Williams syndrome also recognized as Williams-Beuren syndrome is a genetic disorder caused by a deletion of more than twenty five genes from chromosome 7. Although Williams syndrome is often non-hereditary, the chances of the syndrome being passed on if an individual with Williams syndrome has a child are fifty percent. Individuals born with Williams syndrome often possess distinctive facial features which make the syndrome easily recognized. These features include wide spaces between their teeth, a flattened nasal bridge, and puffy cheeks, this distinctive facial appearance is often referred to as an ``elfin`` appearance. It has also been presented that most children with Williams syndrome often suffer from comorbidities as well; Williams syndrome is often dual diagnosed with attention deficit hyperactivity disorder, attention deficit disorder and anxiety disorders.
Williams syndrome occurs in 1 person out of every 7, 500. An early diagnosis is important when it comes to Williams syndrome as the deletion of genes in chromosome 7 often produces more health problems than just the syndrome itself. The ELN gene found within chromosome 7 is missing which provides the elastin gene; the loss of this gene often causes cardiovascular disease and abnormalities. The deletion of this gene and Williams syndrome in general can be diagnosed with a blood test called the FISH technique; a series of probes that bind to sequences within the chromosomes that are injected to diagnose whether the elastin gene is missing. The loss of other genes within the chromosome 7 also explain the behavioural characteristics found within an individual with Williams syndrome, these behavioural characteristics include a remarkable linguistic ability, mild to moderate mental impairments, a hyper social personality and difficulties with their visual and spatial processing.
Infants with Williams syndrome display many developmental delays such as a delay in language acquisition, and gross motor skills. An infant will often have a low birth weight and have difficulty when it comes to eating; which later causes the baby to grow at a slower pace than is considered normal. Infants will also exhibit signs of colic, have very overfriendly temperaments and oversensitivity to hearing. As this individual grows older they will more than likely develop a learning disability especially when it comes to a visual or spatial task. Children with Williams syndrome often find it hard to relate to peers and make friends as their accelerated language often corresponds more with adults.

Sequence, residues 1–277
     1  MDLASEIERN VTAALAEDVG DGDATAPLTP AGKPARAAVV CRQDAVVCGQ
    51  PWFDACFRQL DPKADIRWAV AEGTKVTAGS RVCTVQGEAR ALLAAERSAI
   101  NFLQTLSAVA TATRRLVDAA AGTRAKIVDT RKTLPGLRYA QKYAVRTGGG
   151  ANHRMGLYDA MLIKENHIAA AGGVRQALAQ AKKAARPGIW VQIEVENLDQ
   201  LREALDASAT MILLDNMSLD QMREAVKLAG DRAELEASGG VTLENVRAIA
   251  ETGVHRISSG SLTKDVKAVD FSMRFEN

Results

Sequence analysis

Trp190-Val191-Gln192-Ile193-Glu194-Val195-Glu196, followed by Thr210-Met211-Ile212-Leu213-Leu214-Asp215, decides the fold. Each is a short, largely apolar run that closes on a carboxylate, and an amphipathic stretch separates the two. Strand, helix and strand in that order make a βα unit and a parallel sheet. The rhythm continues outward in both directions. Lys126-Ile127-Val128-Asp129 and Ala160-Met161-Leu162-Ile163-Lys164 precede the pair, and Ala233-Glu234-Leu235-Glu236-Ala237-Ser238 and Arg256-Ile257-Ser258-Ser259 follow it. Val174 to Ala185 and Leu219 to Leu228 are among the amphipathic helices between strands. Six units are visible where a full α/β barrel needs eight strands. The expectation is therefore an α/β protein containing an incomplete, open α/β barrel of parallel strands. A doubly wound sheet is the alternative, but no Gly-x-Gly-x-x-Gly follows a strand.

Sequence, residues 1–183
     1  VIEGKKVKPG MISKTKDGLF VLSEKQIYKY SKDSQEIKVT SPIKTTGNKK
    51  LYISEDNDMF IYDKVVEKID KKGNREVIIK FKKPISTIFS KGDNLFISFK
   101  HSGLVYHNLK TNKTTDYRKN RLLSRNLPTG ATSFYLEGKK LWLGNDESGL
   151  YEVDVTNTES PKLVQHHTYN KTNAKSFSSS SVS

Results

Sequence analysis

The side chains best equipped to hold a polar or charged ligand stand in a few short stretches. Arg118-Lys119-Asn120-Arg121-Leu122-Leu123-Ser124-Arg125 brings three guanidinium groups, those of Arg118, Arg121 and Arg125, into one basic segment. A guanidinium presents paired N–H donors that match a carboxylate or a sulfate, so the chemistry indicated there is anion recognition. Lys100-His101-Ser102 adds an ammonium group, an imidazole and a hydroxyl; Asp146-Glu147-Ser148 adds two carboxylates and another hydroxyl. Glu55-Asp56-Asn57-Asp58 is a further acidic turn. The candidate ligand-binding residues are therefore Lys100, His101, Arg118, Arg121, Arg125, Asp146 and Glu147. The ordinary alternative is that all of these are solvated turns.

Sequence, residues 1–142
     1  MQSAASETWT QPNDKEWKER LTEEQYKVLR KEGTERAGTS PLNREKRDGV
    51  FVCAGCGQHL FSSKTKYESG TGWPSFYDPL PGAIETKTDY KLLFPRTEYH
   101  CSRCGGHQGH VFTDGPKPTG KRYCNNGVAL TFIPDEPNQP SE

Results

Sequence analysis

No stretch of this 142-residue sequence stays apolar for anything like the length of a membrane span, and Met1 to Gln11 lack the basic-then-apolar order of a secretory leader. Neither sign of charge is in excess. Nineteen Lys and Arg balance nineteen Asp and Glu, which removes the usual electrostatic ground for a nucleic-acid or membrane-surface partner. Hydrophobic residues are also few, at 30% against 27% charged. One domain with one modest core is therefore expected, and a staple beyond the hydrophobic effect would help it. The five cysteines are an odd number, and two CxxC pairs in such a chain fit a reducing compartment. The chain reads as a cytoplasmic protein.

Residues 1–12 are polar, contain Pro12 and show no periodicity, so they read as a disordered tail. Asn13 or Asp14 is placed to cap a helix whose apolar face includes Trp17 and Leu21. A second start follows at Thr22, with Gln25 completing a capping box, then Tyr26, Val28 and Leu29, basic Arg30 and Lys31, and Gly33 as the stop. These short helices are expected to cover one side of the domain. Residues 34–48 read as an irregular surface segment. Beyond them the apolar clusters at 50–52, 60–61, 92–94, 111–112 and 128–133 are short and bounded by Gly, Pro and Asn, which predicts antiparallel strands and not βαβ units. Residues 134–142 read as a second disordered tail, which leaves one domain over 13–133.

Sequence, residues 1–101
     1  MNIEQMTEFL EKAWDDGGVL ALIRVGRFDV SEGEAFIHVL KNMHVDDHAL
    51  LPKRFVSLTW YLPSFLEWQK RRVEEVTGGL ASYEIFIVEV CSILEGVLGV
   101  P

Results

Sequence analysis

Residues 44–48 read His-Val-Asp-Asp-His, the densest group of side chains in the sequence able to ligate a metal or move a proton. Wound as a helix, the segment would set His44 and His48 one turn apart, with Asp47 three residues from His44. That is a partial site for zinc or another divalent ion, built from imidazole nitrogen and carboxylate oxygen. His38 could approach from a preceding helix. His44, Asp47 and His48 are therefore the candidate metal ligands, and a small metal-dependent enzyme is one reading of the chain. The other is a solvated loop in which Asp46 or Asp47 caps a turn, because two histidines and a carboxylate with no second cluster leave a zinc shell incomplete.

Individuals with Williams syndrome often possess extremely varied strengths and weaknesses, and these strengths and weaknesses are not found in every single individual with Williams. Individuals with Williams syndrome often have a language delay, which is followed by a remarkable spurt. They have an extensive and interesting vocabulary and are often extremely interesting to converse with. Although not all people with Williams possess the same ability in linguistics, their area of linguistics and language is still surprisingly more advanced than those who do not have Williams syndrome. This advanced language ability can also be repetitive and unfocused, and some people with Williams are nonverbal. The development of cardiovascular diseases and manifestations are one of the initial identifications of the syndrome, the most common cardiovascular abnormality is supravalvular aoetic stenosis, or SVAS for short, as mentioned before this disease is caused by the missing elastin gene. This cardiovascular disease develops within the heart valves, and is caused by a narrowed aortic valve, which is the artery that carries your blood.
There are consistent and significant abnormalities within an individual with Williams syndrome`s brain. The cerebellum, left frontal cortical and right parietal cortex regions are affected due to the deletion of genes, these abnormalities often cause...
References: Morris, Colleen A. M.D, Lenhoff, Howard M. Ph.D & Wang, Paul P. M.D. (2006) Williams-Beuren syndrome: research, evaluation, and treatment. USA: The John Hopkins University Press.
Semel, Elenanor & Roser, Sue R. (2003) Understanding Williams syndrome: behavioural patterns and interventions. USA: Lawrence Erlbaum Associates, Inc.
National Insitute of Neurological Disorders and Stroke. (2008) NINDS Williams Syndrome Information Page. Retrieved from : http://www.ninds.nih.gov/disorders/williams/williams.htm
Canadian Association for Williams Syndrome
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